The gunboat bombarded the town and the church when word arrived on the Union Ship. The church was only 300 yards from the river. Four homes were hit as well. A cannonball became embedded in the church front lawn and one also hit the church facade. The Confederate Lieutenant demanded a ceasefire or all captive Union soldiers would be hanged. The USS Rattler crew became the laughingstock of the nation. It was the first time in history that a small cavalry squad captured the crew of an ironclad gunboat. In the days after the incident, Rodney formed Company D. 22nd Mississippi Infantry to fight against the Union Army. Months later, the prisoners were exchanged for captured Rebel soldiers. The gunboat’s crew was reassigned. The USS Rattler was hit by a heavy gale near Grand Gulf, Mississippi that same year. She was driven to shore, hit a snag, and sank. The new crew survived, but the gunboat was a total loss to the Union and abandoned. Confederates burned her remains.
In 1869, Rodney was almost entirely consumed by fire, but an even greater event also occurred. A sandbar formed in the nearby Mississippi River. In 1870, that sand bar caused the river to change its course, taking it 2 miles away from the town. The town no longer had a port and many people chose to leave. Later, Rodney’s population declined even further when it was bypassed by the Natchez, Jackson & Columbus Railroad.
In 1923 the last full-time pastor of the Presbyterian Church at Rodney resigned. In 1966 the church was transferred to the United Daughters of the Confederacy. In 1973 it was added to the National Register of Historic Places and still stands in Rodney today. A replica cannonball was placed on the church façade where the original landed.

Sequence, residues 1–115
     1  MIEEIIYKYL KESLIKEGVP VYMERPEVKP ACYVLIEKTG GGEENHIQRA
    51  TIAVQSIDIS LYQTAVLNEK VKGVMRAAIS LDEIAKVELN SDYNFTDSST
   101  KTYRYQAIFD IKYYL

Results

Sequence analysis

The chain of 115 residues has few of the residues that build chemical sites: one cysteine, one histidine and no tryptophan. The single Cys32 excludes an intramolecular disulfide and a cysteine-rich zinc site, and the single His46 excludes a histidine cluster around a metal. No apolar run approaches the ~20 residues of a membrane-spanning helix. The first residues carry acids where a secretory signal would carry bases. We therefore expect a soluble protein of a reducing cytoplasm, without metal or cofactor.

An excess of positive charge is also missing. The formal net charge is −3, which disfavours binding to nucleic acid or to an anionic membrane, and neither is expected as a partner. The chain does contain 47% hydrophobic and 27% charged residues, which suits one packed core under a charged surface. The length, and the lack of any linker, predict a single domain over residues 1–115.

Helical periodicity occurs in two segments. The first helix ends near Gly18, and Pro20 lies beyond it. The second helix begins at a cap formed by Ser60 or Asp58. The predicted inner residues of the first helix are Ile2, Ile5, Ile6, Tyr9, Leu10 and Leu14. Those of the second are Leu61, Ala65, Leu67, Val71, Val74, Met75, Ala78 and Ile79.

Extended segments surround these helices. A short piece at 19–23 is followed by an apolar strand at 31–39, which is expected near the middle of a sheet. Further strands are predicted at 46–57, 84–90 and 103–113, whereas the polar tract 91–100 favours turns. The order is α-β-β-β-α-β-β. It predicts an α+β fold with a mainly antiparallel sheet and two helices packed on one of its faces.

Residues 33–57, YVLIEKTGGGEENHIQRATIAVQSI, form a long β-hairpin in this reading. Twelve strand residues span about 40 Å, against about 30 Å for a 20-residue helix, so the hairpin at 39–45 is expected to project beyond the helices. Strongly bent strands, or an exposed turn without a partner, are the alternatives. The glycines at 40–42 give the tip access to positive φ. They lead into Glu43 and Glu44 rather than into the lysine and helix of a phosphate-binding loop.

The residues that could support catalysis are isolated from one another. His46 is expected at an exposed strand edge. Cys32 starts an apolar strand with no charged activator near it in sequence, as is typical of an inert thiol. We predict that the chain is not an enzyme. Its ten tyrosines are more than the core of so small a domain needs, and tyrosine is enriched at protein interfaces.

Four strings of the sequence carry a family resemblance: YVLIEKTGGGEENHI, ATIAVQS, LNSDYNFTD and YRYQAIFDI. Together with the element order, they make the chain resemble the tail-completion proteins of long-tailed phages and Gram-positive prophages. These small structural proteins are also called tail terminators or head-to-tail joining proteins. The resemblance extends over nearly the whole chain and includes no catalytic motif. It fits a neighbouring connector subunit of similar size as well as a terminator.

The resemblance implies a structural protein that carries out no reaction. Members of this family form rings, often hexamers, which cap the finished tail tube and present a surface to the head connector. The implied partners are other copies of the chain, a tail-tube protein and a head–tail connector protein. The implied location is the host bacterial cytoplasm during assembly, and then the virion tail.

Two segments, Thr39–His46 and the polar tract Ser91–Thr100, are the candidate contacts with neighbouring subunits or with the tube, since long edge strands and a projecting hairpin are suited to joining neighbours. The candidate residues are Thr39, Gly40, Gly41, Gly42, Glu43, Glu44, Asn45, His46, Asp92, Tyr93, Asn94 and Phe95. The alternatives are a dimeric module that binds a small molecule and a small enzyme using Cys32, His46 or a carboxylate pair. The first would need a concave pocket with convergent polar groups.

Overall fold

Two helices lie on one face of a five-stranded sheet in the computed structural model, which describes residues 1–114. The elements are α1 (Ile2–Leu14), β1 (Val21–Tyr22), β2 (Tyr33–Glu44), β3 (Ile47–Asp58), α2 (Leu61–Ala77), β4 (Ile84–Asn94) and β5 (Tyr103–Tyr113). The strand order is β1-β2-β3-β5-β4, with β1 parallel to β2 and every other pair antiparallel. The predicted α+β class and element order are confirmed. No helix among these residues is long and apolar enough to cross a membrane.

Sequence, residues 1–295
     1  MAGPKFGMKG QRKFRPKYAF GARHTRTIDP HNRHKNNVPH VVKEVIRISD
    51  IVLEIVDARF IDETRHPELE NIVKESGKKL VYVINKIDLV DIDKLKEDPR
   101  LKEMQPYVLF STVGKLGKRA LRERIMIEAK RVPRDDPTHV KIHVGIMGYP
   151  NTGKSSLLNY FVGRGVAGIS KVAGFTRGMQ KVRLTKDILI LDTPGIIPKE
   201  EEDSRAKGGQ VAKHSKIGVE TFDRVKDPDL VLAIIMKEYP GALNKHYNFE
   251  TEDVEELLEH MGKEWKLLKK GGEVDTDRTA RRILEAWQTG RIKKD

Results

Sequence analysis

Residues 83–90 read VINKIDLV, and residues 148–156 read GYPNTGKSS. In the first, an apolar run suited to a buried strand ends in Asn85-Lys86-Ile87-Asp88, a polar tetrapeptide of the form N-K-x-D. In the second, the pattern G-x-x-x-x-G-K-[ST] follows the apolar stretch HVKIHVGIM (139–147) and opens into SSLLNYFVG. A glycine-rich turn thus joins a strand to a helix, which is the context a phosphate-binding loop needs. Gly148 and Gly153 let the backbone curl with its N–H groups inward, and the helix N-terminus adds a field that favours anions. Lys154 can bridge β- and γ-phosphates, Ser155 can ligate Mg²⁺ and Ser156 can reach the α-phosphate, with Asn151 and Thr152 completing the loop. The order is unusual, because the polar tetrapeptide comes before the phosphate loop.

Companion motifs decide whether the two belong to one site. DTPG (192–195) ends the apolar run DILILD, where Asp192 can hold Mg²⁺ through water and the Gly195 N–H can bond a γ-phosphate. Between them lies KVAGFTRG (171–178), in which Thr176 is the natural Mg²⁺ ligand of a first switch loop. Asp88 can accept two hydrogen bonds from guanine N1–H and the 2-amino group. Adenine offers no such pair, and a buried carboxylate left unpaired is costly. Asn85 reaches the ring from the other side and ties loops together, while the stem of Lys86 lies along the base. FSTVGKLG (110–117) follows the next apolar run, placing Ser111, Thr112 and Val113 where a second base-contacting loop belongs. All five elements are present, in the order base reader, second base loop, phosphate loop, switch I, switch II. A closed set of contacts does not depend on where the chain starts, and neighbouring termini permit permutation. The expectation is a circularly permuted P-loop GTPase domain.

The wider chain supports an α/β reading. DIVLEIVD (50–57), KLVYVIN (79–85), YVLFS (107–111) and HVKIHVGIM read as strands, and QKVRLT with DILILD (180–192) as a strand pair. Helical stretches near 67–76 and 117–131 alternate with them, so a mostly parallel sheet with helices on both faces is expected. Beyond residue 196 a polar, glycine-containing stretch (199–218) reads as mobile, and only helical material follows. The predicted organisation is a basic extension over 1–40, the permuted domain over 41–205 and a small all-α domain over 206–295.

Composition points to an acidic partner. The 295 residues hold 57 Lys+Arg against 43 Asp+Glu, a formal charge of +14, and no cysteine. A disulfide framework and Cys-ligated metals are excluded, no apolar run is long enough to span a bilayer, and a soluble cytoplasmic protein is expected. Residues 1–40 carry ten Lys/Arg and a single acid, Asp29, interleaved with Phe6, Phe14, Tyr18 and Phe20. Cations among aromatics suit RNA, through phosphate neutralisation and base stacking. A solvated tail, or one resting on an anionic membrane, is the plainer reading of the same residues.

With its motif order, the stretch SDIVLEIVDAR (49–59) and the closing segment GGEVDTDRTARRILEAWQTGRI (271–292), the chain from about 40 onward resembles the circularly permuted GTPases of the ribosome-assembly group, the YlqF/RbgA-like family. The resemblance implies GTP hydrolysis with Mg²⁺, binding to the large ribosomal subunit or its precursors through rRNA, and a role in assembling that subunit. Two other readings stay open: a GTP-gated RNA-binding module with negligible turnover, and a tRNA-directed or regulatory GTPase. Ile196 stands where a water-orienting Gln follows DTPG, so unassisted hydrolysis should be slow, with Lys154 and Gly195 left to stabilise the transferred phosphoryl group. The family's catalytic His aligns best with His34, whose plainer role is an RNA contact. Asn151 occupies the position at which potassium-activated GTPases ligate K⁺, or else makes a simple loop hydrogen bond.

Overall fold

The town is periodically plagued by floods. Most of the buildings and homes left in the town were virtually destroyed by floods in 2011. A few homes remain and have been maintained or restored, but no businesses remain. There is one small grocery store that continues to stand, but it is just an old shell.
Today there is only one serviceable road leading in and out of town. From Alcorn, Highway M-558 dead ends near the once thriving river port town. The final 3 miles of the road are dirt and gravel. The cemetery still remains and contains the bodies of local residents, river travelers, and folks from Saint Joseph, Louisiana across the river from Rodney.
Although only a few building shells remain, making Rodney a ghost of a town, you can still walk the streets and feel the history. You can imagine what it was like in its prime and see evidence of the Civil War in the church there. One can’t help but wonder, with all of the town’s disasters and bad luck, if there are ghosts lingering around from days gone by. Regardless, Rodney Mississippi should be on your list of must-visit locations. Get out and see some living history, take some pictures and if you visit, let us know what you find!
Images by Ashleigh Coleman